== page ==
Frank Drake, who conducted the first modern SETI experiment in 1960, continues his life-long interest in the detection of extraterrestrial sentient life. He participates in an on-going search for optical signals of intelligent origin, carried out with colleagues from Lick Observatory and the University of California at Berkeley, using the 40-inch Nickel telescope at Lick.
Frank also continues to investigate radio telescope designs that optimize the chances of success for SETI (he proposed the plan used in the design of the Allen Telescope Array, based on some of his work of more than forty years ago.)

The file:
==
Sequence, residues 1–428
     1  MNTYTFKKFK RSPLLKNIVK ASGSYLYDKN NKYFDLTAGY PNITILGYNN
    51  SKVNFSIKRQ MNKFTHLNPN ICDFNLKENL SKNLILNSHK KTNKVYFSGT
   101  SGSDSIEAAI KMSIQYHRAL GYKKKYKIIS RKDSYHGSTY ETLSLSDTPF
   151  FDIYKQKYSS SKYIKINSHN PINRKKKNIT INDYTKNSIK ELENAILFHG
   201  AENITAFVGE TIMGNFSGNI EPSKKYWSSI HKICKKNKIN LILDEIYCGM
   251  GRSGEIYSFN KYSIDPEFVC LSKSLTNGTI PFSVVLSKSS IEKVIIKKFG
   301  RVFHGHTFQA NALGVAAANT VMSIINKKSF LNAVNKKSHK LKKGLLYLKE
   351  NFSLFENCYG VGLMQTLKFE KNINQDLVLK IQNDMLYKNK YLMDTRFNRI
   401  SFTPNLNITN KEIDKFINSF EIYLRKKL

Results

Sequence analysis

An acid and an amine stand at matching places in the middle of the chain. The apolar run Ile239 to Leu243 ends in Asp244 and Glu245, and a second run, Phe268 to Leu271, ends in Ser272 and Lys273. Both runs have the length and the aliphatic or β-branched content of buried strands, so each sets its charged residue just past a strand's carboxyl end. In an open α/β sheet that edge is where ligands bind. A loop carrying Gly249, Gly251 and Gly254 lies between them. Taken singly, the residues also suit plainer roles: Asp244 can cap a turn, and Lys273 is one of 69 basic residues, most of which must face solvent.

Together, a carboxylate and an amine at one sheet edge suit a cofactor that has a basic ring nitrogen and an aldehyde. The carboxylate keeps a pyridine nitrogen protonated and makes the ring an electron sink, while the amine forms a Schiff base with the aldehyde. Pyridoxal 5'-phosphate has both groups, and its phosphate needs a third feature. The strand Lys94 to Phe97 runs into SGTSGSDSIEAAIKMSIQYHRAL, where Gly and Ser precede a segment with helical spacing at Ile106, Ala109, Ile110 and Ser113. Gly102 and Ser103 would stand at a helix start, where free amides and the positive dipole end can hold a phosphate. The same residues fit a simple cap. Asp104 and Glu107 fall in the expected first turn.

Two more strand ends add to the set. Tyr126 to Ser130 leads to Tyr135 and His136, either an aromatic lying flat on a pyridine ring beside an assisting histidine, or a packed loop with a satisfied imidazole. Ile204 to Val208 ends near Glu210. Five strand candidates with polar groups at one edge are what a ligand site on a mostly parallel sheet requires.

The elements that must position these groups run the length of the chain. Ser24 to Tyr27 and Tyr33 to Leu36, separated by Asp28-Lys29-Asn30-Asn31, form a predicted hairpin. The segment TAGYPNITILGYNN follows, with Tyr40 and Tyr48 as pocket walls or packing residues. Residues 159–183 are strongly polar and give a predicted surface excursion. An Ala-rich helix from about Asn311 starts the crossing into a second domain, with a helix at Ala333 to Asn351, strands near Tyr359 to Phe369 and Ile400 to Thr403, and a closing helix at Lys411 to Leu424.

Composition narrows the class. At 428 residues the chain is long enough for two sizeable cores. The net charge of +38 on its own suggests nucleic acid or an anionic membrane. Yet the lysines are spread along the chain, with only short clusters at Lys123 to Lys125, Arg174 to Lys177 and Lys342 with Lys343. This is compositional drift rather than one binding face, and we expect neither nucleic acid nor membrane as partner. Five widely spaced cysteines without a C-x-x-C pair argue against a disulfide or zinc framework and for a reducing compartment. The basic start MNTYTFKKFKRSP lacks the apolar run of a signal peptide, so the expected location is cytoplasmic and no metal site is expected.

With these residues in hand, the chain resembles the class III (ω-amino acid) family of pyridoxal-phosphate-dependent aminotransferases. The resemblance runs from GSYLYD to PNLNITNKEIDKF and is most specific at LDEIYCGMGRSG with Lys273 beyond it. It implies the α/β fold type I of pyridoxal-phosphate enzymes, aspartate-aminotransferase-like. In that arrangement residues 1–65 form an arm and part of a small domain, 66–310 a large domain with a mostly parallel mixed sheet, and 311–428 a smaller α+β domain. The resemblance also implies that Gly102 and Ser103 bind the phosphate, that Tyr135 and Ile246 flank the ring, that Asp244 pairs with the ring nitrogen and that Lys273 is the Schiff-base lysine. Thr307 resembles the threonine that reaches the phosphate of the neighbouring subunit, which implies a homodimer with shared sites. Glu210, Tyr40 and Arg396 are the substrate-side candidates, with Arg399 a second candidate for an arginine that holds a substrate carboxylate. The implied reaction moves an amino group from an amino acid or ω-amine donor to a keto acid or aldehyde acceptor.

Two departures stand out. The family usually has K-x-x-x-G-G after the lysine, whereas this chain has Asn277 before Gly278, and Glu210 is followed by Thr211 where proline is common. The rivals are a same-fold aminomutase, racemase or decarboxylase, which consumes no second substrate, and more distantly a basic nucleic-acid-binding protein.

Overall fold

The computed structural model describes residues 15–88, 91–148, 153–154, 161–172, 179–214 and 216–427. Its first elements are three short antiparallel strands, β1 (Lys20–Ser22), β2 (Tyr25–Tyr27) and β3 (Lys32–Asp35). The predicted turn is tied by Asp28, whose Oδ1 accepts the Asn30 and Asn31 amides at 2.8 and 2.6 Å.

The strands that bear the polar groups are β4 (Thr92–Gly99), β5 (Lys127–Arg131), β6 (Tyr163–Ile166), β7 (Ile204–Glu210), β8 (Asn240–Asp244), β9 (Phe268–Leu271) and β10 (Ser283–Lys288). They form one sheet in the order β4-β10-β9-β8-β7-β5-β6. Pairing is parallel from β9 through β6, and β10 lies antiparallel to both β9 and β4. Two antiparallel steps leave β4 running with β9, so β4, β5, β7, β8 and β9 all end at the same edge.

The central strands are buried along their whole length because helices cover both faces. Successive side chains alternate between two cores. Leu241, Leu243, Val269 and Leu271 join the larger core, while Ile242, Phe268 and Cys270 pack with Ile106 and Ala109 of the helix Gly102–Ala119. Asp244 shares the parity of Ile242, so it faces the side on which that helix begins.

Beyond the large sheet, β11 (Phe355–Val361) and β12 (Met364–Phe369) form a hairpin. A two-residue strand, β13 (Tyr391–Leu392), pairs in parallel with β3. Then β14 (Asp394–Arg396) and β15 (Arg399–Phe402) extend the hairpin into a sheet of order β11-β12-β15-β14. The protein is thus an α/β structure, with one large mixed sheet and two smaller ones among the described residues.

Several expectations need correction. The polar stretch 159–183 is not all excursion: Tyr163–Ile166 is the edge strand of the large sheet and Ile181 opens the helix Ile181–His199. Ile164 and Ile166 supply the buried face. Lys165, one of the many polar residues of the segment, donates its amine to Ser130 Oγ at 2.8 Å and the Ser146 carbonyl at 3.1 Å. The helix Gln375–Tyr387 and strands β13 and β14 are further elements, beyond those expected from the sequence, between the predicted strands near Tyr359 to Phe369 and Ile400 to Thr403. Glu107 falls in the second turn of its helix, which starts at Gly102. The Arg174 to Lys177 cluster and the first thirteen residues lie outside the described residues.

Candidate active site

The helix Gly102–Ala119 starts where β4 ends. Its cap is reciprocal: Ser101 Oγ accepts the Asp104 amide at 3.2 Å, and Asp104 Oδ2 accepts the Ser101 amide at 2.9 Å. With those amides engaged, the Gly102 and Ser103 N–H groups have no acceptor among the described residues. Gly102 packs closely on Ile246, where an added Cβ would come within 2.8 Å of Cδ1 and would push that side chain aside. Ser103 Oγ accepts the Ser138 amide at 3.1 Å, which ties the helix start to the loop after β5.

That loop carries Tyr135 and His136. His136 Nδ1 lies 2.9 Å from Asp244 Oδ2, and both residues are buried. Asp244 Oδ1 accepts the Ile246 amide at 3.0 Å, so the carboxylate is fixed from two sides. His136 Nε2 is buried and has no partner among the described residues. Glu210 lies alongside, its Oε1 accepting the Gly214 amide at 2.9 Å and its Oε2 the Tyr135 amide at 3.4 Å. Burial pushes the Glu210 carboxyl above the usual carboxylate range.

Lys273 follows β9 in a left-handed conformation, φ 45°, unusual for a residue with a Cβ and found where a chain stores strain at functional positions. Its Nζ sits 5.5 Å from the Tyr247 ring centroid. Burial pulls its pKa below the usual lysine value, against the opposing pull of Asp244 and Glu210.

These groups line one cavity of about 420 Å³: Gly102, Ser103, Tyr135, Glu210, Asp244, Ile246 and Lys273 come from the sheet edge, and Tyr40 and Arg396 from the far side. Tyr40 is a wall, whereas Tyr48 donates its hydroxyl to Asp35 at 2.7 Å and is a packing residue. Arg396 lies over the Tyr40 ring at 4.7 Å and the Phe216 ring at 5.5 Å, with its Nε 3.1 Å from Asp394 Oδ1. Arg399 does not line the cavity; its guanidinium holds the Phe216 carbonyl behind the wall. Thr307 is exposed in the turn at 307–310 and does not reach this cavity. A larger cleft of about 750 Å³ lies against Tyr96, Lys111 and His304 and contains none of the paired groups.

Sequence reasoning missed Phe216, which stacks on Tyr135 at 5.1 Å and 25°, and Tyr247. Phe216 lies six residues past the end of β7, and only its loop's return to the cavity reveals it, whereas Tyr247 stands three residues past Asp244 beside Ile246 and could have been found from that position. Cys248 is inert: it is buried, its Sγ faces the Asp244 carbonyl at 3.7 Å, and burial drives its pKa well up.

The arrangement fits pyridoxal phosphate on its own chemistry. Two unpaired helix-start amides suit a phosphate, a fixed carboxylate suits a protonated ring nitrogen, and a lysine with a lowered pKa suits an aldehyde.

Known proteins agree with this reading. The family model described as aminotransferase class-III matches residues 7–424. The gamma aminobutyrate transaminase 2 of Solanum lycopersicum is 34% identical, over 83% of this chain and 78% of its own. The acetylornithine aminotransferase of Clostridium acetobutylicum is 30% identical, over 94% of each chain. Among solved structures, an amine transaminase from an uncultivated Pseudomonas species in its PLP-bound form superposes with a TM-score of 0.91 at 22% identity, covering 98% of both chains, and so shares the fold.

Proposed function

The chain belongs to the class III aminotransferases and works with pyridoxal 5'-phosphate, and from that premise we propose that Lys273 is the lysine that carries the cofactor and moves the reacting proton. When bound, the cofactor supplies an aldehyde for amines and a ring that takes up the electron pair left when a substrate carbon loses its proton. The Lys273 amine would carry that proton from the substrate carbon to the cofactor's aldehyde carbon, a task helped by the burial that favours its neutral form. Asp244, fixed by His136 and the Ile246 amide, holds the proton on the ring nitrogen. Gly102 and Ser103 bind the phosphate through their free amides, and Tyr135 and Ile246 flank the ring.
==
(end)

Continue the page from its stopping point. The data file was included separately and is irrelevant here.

He is also interested in the possibility that the very numerous red dwarf stars, stars that are much less bright than the Sun, might host habitable planets. In this regard, he has noted that the behavior of various objects in our own solar system – in particular the resonances between their rotation and orbital periods – when applied to some of the newly discovered extrasolar planets, strongly suggests that most planets orbiting red dwarfs will not keep one face towards their star, and thus are more likely to be habitable. If this is proven correct, it will increase by almost ten times the probable number of habitable planets in the Milky Way.